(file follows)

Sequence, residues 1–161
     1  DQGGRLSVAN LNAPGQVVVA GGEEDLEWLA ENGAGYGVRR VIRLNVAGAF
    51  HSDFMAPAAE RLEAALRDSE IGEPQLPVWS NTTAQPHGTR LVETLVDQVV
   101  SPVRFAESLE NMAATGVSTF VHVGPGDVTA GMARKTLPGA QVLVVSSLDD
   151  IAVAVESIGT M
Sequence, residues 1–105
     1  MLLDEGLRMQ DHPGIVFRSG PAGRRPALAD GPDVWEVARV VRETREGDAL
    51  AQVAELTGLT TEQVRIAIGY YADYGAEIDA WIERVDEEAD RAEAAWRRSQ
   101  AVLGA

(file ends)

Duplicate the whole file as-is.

Sequence, residues 1–161
     1  DQGGRLSVAN LNAPGQVVVA GGEEDLEWLA ENGAGYGVRR VIRLNVAGAF
    51  HSDFMAPAAE RLEAALRDSE IGEPQLPVWS NTTAQPHGTR LVETLVDQVV
   101  SPVRFAESLE NMAATGVSTF VHVGPGDVTA GMARKTLPGA QVLVVSSLDD
   151  IAVAVESIGT M
Sequence, residues 1–105
     1  MLLDEGLRMQ DHPGIVFRSG PAGRRPALAD GPDVWEVARV VRETREGDAL
    51  AQVAELTGLT TEQVRIAIGY YADYGAEIDA WIERVDEEAD RAEAAWRRSQ
   101  AVLGA